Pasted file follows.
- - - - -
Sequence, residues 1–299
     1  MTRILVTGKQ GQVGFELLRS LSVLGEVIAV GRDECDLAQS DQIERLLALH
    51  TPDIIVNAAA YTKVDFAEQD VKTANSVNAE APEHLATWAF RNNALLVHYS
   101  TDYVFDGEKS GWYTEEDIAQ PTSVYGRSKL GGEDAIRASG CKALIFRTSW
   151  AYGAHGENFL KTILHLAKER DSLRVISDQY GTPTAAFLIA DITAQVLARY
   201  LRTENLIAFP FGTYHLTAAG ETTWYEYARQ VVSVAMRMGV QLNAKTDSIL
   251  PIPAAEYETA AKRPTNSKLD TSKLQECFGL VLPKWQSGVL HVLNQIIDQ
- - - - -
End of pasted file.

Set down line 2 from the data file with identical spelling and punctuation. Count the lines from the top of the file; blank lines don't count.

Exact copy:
     1  MTRILVTGKQ GQVGFELLRS LSVLGEVIAV GRDECDLAQS DQIERLLALH